Trusts & Estates

Rest Easy: Plan for the Inevitable

Although lots of folks say they intend to plan for the inevitable, most don’t.

Some 70 percent of Americans die without making a will or any other arrangement for distributing assets after their deaths—although, in some cases, that makes sense, reports the Los Angeles Times in a detailed article discussing estate planning options.

“You have to confront the fact that you’re not going to be around. That’s not a comfortable thing to think about,” notes Eleanor Barkelew, 69, a resident of Torrance, Calif., who did face up to the need for estate planning after she married for the second time. “I have a lot of friends who are even older than I am, who keep saying they’ve really got to take care of these things. I’m afraid something is going to happen to them before they do.”

For those without a lot of family issues, dying without a will may not be a problem because state law apportions the money among blood relations. But when there are multiple marriages, as in Barkelew’s case, or feuding relatives, a will can be critical. Another option, too, that may be appropriate is avoiding probate by putting assets in trust, the newspaper notes.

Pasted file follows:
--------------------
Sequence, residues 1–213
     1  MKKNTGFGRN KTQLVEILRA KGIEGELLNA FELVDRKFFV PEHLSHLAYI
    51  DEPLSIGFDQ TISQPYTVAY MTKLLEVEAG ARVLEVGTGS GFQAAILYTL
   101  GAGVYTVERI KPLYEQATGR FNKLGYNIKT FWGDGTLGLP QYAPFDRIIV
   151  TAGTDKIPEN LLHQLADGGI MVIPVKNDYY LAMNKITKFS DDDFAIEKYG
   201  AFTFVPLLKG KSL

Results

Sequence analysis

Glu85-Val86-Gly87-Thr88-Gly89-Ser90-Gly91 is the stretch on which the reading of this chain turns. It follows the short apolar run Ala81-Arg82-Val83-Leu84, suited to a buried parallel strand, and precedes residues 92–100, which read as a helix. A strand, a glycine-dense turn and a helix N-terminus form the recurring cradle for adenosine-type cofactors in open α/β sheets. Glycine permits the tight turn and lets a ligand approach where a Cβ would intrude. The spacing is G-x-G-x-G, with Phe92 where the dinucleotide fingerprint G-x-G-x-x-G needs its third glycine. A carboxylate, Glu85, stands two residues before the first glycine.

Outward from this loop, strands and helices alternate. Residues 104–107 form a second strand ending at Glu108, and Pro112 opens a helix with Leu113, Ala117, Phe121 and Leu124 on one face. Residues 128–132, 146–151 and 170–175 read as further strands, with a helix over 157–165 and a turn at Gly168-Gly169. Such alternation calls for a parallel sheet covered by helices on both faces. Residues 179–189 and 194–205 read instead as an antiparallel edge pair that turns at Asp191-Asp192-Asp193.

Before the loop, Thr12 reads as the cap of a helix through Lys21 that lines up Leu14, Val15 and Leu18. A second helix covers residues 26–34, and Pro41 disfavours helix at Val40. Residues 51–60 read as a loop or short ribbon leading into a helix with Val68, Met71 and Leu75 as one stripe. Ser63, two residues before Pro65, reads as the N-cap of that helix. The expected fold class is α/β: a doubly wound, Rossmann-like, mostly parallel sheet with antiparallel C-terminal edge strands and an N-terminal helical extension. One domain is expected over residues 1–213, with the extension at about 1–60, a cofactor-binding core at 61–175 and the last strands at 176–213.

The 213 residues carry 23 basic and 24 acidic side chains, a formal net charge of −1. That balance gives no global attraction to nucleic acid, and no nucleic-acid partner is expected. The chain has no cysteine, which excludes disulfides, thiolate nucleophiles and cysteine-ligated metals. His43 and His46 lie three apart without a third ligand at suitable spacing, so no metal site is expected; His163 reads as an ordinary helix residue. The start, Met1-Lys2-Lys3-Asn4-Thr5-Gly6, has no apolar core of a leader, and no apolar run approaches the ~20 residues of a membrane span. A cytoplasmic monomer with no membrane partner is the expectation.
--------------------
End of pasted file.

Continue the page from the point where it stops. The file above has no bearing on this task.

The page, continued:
Meanwhile, two other simple steps can help make the situation a lot easier for relatives and survivors: signing an appropriate power of attorney for health care, and making a list of assets.

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